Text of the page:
Thank you, Mom!
Margie, my guide in learning more about Japanese culture and the tea ceremony, encourages her students to choose tea equipment carefully. No rushing to buy an unknown piece on eBay. The right tools will come to us in time, and they need to have a story. I love this idea.
Here's the story for my first pieces. The chawan, or tea bowl, is from Japan. It's special to me because I found it after having learned about what makes a good tea bowl. What an eye-opening experience! I had no idea of the thought and detail put into a tea bowl. Mine is classic in its shape, has the proper foot depth and the correct ridge where the cloth rests as you clean the bowl. It has a definite front and back, which helps a newbie like me. And it's a good example of understated beauty.
I've named this tea bowl iki wo suru, which means "to breathe" in Japanese. It's meaningful because breathe is my word for the year. Each time I use this bowl, I will think of of my breath.
Tea bowls often come in specially made boxes, and the box belonging to this bowl is a large part of why I chose it. The box is beautiful in its own right.
The crispness of the black natsume (tea caddy), I'm learning, presents a contrast to the more rustic elements often found among the other tea equipment. What I like about the natsume is the sound made when the lid is placed back on after having scooped out the tea. It's a simple click that reminds me of something ephemeral from my childhood.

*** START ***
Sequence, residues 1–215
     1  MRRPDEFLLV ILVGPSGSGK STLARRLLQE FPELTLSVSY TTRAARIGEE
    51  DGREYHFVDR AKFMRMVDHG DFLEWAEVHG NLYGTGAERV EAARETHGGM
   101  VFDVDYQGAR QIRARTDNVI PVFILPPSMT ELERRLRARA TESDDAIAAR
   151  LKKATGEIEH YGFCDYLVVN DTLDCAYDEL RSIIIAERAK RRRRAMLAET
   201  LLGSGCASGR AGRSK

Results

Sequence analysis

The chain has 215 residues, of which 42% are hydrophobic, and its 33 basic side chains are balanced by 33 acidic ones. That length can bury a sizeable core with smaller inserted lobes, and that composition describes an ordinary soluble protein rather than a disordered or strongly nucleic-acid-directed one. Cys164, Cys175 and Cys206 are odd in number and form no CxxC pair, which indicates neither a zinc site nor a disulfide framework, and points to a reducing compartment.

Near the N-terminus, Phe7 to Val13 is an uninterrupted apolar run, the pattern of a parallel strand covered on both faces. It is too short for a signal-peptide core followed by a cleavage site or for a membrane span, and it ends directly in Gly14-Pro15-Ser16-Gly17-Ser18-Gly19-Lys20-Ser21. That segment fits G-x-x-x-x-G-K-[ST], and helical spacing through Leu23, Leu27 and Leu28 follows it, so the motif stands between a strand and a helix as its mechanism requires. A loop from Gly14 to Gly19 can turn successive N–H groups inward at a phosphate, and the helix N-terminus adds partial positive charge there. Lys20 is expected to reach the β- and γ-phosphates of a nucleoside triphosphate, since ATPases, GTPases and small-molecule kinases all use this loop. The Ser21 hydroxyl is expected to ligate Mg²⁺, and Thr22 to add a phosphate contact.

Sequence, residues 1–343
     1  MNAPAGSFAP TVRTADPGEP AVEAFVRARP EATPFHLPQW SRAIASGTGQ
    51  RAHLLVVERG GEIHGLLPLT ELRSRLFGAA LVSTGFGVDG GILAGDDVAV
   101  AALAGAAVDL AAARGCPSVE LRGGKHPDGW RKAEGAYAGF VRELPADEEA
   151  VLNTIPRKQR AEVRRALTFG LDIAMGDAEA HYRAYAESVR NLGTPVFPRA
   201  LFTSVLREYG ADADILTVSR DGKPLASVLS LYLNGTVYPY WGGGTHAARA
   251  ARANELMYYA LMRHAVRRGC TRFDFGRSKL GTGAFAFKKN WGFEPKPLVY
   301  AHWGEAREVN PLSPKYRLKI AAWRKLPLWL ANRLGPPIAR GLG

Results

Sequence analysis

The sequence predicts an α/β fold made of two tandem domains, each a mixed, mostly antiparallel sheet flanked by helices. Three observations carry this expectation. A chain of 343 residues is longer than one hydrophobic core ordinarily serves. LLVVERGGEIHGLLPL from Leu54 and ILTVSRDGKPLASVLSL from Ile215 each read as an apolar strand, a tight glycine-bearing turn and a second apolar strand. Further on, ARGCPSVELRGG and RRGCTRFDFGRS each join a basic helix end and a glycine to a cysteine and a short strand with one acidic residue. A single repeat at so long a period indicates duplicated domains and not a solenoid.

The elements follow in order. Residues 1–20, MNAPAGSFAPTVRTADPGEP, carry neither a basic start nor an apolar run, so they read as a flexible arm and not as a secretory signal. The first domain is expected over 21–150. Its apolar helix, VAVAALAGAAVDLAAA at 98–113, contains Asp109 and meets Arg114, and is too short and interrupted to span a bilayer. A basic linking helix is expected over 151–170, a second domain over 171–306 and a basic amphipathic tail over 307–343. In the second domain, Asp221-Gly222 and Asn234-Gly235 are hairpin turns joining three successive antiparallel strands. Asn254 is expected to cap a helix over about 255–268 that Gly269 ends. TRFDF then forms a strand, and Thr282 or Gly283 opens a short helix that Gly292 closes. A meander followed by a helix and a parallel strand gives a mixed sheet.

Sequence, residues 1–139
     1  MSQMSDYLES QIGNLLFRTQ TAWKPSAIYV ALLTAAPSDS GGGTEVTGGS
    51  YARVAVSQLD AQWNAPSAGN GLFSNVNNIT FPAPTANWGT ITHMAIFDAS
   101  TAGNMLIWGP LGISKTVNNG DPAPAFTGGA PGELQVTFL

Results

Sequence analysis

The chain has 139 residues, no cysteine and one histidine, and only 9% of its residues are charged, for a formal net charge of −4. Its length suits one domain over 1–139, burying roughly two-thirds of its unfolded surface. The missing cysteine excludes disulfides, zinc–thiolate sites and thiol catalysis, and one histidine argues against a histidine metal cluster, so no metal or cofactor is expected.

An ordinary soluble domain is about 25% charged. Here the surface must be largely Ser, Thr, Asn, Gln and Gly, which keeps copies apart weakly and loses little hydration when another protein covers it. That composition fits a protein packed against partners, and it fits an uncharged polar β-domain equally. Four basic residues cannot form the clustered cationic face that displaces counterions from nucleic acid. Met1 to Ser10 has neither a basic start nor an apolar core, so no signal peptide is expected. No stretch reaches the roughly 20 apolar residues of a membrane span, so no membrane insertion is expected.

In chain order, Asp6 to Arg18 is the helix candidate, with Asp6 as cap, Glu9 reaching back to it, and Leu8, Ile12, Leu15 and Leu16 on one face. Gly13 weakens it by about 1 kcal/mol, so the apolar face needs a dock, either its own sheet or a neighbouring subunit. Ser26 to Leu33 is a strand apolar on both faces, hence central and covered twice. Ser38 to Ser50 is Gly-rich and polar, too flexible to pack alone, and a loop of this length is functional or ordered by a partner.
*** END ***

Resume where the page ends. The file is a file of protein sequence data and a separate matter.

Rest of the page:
The chasen (whisk) is of central importance. This humble tool generates the right froth in a bowl of matcha. I have many, many, many more cups to whip to become proficient. This whisk and I will become good companions.
I picked this tea bowl and other equipment on a sunny Spring afternoon, in the company of Margie and another good friend. The items are a gift from my mother for my birthday. I'm sure this is the beginning of many happy memories associated with their use.